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About Us

"We will open the book. Its pages are blank. We are going to put words on them ourselves. The book is called Opportunity..."

-Edith Lovejoy Pierce


           The National Capital  Psychiatry Residency Program is a unique and innovative military graduate medical education program in psychiatry. Three military medical institutions with traditions of excellence in graduate medical education, Walter Reed National Military Medical Center (WRNMMC), Fort Belvoir Community Hospital (FBCH), and the Uniformed Services University of the Health Sciences (USUHS), comprise this integrated psychiatry residency program. NCC psychiatry residents consistently score among the highest in the nation on standard training examinations and a large number of graduates have gone on to distinguish themselves as national and world leaders in psychiatry. The program has been fully integrated since 1996 and took part in the successful merging of Walter Reed Army Medical Center and National Naval Medical Center in 2011.

                The National Capital Military Psychiatry Residency is a four-year program designed to prepare military medical corps officers for the practice of general psychiatry in military and community settings. The program's mission is to train physicians to become effective psychiatrists in the variety of future roles they will fill, from military medical operations to multi-disciplinary mental health settings to primary care and other medical-surgical settings. Military psychiatry, psychotherapy, and psychopharmacology are particularly strong areas of emphasis of the program. The program's faculty members include nationally known leaders in a number of areas of psychiatry, including psychopharmacology, psychoanalysis, neuropsychiatry, child and adolescent psychiatry, consultation-liaison psychiatry, and military psychiatry.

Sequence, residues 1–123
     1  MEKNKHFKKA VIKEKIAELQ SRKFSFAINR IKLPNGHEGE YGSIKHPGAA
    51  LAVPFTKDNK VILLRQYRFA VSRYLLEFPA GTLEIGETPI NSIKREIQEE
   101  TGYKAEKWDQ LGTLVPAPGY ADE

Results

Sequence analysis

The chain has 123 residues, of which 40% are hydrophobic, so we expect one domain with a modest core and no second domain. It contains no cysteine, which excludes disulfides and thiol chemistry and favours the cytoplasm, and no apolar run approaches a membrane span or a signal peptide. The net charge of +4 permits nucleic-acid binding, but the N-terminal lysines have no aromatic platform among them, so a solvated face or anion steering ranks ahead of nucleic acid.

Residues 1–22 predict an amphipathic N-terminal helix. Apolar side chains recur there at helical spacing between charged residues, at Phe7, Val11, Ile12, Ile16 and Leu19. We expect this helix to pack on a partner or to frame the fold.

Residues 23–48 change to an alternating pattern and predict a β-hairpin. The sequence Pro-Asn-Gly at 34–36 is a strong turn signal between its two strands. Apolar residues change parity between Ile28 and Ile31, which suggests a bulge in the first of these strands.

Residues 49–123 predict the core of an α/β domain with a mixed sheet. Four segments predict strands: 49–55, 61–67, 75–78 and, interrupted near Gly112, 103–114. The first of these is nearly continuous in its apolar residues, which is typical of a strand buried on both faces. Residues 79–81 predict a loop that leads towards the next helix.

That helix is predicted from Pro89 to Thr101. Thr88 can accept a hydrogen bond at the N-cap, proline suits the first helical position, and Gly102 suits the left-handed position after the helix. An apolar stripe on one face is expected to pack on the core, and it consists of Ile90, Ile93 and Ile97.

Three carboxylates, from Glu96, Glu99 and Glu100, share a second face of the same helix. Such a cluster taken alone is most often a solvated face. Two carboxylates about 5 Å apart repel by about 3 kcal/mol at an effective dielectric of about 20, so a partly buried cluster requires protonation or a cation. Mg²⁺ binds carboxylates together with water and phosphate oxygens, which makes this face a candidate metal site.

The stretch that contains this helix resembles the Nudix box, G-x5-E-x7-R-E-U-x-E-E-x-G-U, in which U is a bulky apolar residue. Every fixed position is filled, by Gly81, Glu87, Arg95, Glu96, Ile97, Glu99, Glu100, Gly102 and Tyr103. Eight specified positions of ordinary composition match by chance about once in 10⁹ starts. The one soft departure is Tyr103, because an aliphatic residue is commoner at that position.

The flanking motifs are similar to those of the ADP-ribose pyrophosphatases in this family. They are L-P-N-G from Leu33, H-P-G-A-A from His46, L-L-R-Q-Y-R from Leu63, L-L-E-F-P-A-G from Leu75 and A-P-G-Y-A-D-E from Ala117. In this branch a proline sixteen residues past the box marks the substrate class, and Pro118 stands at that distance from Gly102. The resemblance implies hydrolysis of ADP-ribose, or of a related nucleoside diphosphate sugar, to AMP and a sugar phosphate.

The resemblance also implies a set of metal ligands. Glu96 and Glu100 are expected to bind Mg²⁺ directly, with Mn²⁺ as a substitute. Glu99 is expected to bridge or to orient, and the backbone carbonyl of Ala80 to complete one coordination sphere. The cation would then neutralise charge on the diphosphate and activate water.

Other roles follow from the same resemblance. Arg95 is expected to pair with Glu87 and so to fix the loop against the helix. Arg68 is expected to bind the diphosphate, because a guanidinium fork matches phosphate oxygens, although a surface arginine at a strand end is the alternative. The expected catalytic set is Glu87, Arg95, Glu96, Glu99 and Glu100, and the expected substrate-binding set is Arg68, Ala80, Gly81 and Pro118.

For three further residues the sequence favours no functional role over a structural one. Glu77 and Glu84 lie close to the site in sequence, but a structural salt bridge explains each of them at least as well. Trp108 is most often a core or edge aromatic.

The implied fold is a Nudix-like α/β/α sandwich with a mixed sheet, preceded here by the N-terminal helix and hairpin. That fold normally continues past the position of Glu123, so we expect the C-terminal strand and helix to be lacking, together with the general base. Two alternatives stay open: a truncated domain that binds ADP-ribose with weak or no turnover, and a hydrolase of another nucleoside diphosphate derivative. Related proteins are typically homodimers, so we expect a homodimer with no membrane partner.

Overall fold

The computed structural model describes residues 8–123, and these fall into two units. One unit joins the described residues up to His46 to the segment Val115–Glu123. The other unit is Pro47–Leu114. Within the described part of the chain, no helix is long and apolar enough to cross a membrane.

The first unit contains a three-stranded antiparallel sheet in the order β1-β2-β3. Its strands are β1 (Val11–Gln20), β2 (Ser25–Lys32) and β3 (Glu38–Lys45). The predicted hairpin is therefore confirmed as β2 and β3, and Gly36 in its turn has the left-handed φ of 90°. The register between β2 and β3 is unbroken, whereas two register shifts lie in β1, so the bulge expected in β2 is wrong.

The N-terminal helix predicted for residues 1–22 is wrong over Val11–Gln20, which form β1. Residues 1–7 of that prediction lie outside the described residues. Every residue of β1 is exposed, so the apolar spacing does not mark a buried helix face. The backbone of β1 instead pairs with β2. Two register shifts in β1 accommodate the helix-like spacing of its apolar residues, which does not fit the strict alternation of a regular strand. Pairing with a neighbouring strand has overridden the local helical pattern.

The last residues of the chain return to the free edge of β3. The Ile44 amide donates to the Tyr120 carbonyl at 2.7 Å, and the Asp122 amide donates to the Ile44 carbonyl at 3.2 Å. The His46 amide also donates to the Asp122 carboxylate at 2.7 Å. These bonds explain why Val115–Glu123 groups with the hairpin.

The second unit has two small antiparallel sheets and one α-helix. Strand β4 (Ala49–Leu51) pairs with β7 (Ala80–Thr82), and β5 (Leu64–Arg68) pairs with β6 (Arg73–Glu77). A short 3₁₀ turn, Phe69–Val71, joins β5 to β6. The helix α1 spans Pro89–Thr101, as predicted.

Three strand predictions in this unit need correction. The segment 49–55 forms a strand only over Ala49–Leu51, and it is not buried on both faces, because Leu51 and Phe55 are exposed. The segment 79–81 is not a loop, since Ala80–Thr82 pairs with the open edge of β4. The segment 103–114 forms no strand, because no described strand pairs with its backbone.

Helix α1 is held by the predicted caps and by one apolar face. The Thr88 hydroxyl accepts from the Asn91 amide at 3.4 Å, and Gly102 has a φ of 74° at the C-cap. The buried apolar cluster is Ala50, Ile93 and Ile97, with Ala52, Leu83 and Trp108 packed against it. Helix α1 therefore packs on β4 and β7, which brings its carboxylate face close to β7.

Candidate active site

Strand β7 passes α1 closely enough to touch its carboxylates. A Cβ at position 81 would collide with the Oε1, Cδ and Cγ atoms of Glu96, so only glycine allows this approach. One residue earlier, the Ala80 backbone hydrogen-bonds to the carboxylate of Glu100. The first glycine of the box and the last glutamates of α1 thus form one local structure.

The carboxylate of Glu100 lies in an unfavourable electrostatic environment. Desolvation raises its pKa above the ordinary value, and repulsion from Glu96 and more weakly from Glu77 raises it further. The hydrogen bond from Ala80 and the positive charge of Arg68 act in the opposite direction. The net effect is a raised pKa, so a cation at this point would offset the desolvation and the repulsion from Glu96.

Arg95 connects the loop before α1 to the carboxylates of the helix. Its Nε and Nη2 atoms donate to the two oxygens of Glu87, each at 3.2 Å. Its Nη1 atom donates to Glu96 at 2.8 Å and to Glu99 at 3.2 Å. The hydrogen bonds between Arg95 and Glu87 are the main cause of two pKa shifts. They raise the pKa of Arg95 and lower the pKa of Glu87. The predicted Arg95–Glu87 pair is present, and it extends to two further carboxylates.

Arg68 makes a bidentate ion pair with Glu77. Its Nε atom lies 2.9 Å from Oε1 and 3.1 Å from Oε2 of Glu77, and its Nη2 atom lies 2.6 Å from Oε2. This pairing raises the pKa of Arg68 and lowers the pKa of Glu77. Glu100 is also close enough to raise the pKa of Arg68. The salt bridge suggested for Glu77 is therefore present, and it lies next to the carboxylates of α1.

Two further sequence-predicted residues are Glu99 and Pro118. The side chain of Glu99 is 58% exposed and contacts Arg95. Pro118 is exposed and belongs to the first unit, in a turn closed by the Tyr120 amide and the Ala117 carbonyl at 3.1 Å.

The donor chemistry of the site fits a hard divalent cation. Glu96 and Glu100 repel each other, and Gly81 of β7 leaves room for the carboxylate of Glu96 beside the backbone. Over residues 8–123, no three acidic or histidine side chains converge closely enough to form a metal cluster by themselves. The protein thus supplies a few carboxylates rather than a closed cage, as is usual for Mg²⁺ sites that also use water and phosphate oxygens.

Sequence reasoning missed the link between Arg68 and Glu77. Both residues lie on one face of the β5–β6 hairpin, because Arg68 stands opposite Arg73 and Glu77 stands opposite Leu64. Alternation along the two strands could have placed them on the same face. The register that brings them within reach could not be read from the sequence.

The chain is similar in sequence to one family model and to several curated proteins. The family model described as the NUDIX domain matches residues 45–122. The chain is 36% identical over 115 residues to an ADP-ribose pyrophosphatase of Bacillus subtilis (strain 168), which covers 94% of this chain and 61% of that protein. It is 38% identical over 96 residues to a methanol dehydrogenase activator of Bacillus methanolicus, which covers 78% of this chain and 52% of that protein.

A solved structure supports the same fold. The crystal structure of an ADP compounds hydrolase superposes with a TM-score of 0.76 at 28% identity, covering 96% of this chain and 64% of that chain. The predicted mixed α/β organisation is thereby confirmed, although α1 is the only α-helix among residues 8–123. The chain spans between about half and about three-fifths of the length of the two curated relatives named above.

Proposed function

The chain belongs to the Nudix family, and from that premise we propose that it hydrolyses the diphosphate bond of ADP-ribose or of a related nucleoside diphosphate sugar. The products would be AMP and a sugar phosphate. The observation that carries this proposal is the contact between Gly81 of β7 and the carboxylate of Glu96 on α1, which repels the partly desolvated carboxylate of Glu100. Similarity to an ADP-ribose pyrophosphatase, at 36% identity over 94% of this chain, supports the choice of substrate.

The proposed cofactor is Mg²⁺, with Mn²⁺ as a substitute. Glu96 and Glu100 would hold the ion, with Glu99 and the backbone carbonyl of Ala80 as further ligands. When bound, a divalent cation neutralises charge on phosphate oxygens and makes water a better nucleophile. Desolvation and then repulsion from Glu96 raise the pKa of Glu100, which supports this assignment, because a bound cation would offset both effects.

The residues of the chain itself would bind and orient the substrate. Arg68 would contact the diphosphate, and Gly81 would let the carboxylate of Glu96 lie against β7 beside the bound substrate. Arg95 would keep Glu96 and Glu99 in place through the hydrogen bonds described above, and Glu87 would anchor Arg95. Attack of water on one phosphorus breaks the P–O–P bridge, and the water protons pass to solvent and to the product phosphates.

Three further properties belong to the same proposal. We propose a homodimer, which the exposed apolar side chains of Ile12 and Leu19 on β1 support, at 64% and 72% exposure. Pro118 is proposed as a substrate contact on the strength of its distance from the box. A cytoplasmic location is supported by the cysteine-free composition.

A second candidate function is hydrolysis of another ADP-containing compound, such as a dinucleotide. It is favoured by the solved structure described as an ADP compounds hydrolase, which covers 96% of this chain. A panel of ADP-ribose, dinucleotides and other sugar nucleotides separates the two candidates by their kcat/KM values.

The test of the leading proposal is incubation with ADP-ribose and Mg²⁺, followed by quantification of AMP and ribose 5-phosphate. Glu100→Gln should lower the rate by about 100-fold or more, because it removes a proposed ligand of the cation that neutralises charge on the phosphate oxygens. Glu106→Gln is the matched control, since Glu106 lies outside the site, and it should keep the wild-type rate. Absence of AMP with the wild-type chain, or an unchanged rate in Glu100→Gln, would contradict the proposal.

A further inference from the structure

Combined residency training opportunities are also offered by the program. Army residents may apply for a 3+2 child psychiatry fellowship, and if accepted, may complete both general psychiatry and child and adolescent psychiatry training in a total of five years. There is also a five-year combined internal medicine/psychiatry training program offered by the Psychiatry Residency and the Internal Medicine Residency Programs. Graduates of this combined program complete requirements necessary for graduation from both residencies and for board certification in both general psychiatry and internal medicine.

             The integrated Walter Reed National Military Medical Center is the flagship medical center of both the U.S. Army and U.S. Navy and has a rich tradition of excellence and leadership in military medicine and graduate medical education. Nearby is one of the world's largest institutes of military medical research, the Walter Reed Army Institute of Research. In addition, across the street from WRNMMC is the National Institutes of Health, and Walter Reed shares the campus with the Uniformed Services University of the Health Sciences (USUHS). USUHS is America's medical school, where the uniformed services train approximately 170 future physicians every year. Residents have opportunities to teach medical students in the classroom for small group work, and in the field, during the MS-4 capstone experience, Operation Bushmaster. USUHS medical students also rotate in the residency's participating institutions during their second, third, and fourth years.

             Potential applicants are encouraged to visit the program and speak with both the program director and resident recruiting chairs. Rotations are traditionally offered in adult inpatient, outpatient child and adolescent, and consultation/liaison psychiatry, as well as in inpatient neuropsychiatry, though rotations in adult outpatient and partial hospitalization services can be arranged if the applicant has a strong interest in one of these areas. Applicants from the Army and Navy may apply to this residency by following the annual instructions published on their respective service's GME websites.

 - Via the Walter Reed Psychiatry web page -

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